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Alfred Edward Woodley Mason

The most popular (and now forgotten) Storyteller of Edwardian and Modernist England.

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Born in 1865 into a middle-class family, Alfred Edward Woodley Mason was destined to an unusual fate: becoming one of the most popular authors in life and being almost forgotten soon after his death (in 1948).

He was educated at Oxford and, after a few years spent acting in touring companies, he settled in London to become a playwright. Even though he wrote several plays, it was his prose which brought him real success: his second novel, The Courtship of Morrice Buckler (1896), was hailed by critics as a “classic of the decade” (Green 1952: 61) and the following, Lawrence Clavering (1897), was one of the best sellers of the year.

The novel, however, which still grants him a place in the English canon is The Four Feathers, published in 1902. Mason became thus one of the greatest names of the British literary scene: his production amounts to 31 novels – including the popular detective series of Inspector Hanaud and other masterpieces like Fire Over England (1936) and Königsmark (1942) – several plays, non-fiction books, more than 20 films based on his novels (see Weedon 2015) and even more numerous adaptations for the stage.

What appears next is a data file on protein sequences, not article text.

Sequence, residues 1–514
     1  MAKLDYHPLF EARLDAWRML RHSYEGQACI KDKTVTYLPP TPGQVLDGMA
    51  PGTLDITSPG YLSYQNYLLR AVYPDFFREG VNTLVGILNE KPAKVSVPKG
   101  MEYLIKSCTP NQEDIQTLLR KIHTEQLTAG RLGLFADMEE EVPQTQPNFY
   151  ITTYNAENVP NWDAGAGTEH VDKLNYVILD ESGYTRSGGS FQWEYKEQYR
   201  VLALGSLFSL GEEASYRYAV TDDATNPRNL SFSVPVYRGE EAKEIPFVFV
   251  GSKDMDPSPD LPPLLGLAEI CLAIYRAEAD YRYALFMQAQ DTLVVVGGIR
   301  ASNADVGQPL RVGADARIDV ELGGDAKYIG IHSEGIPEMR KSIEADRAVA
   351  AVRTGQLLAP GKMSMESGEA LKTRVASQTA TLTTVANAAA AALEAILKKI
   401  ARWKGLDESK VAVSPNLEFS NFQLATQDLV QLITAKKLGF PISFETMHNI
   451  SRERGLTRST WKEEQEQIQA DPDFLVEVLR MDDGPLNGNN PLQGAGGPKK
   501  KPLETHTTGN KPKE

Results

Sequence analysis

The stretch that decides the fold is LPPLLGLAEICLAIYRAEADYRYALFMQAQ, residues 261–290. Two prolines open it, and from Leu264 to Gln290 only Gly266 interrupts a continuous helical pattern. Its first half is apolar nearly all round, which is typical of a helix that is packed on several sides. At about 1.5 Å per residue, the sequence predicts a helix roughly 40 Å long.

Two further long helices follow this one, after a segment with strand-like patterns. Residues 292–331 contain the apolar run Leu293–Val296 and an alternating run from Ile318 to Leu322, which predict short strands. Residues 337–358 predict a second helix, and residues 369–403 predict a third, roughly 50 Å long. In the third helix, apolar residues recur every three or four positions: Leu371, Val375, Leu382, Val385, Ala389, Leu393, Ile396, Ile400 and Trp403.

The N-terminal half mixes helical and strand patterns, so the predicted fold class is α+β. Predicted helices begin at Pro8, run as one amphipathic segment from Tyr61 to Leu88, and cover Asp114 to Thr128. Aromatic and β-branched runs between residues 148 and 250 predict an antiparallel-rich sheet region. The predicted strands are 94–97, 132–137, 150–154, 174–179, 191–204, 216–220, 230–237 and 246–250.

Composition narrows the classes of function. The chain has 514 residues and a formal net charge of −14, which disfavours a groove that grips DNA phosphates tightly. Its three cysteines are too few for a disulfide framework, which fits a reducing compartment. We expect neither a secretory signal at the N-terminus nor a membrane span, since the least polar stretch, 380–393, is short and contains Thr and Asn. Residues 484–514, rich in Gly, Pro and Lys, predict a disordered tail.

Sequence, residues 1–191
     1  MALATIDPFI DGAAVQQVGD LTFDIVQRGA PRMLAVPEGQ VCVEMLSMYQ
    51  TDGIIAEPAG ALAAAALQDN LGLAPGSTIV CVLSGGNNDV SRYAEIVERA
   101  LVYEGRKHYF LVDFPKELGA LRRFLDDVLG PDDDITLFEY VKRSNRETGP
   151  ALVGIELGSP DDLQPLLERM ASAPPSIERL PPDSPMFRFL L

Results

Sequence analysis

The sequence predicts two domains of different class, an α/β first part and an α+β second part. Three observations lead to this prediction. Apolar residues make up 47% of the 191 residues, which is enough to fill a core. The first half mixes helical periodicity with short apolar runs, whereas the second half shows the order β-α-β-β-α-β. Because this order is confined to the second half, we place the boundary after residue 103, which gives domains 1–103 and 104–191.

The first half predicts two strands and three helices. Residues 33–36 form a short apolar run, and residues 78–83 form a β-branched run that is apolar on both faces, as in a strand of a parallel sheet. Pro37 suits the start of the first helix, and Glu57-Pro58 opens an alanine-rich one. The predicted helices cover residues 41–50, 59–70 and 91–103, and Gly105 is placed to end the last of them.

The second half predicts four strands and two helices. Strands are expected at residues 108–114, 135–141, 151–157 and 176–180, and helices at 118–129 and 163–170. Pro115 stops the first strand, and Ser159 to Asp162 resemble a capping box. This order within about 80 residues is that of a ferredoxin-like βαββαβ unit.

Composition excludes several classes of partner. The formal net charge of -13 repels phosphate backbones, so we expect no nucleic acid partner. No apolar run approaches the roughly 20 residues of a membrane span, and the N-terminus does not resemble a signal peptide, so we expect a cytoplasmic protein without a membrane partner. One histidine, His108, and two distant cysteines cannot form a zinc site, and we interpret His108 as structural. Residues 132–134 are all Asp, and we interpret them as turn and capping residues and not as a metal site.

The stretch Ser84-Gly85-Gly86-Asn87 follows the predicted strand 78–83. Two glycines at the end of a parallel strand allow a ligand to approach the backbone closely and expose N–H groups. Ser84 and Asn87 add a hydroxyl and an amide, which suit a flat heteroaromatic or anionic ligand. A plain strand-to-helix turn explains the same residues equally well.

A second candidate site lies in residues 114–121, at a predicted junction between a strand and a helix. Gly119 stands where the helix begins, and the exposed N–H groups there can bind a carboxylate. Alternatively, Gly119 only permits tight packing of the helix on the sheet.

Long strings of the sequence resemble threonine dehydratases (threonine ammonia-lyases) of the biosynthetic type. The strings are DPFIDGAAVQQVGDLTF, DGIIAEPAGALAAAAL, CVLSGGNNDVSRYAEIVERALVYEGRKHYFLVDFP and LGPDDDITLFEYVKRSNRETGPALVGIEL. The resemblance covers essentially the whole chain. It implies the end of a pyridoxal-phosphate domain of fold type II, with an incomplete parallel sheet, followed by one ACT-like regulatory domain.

Mason’s life was untiringly eventful: he was a mountaineer and a traveller and was deeply committed in the social life of his country. In 1906 he ran for parliament and was elected MP for the constituency of Coventry where he served for a term and at the beginning of the First World War he was involved in writing for propaganda together with his friend J.M. Barrie and other popular authors. But “Mason was not content to sit down and write pamphlets” (Green 1952: 136): he enrolled and served first in the Manchester Regiment as infantry officer and then was sent to the Spanish coast as an undercover agent for the newly formed Secret Service.

As can be expected, this experience deeply affected the writing of Fire over England just like his exploration of Sudan in 1901 and his personal awareness of the fine line between fear and courage had been portrayed in The Four Feathers (Kestner 2010: 112). These two novels, thanks to their popularity and their treatment of the themes of heroism and patriotism, were considered precious propaganda material and were adapted for the cinema just before the Second World War broke out.

Roberta Grandi, PhD

From "Mason and Pre-Wartime Films: Patriotism and Heroism in the FOUR FEATHERS (1902) and FIRE OVER ENGLAND (1936)", in Roberta Ferrari and Sara Soncini eds, World of Words: Complexity, Creativity and Conventionality in English Language, Literature and Culture, vol II, Pisa UP, Pisa, ISBN 978-88-3339-248-6, 2019, p. 92

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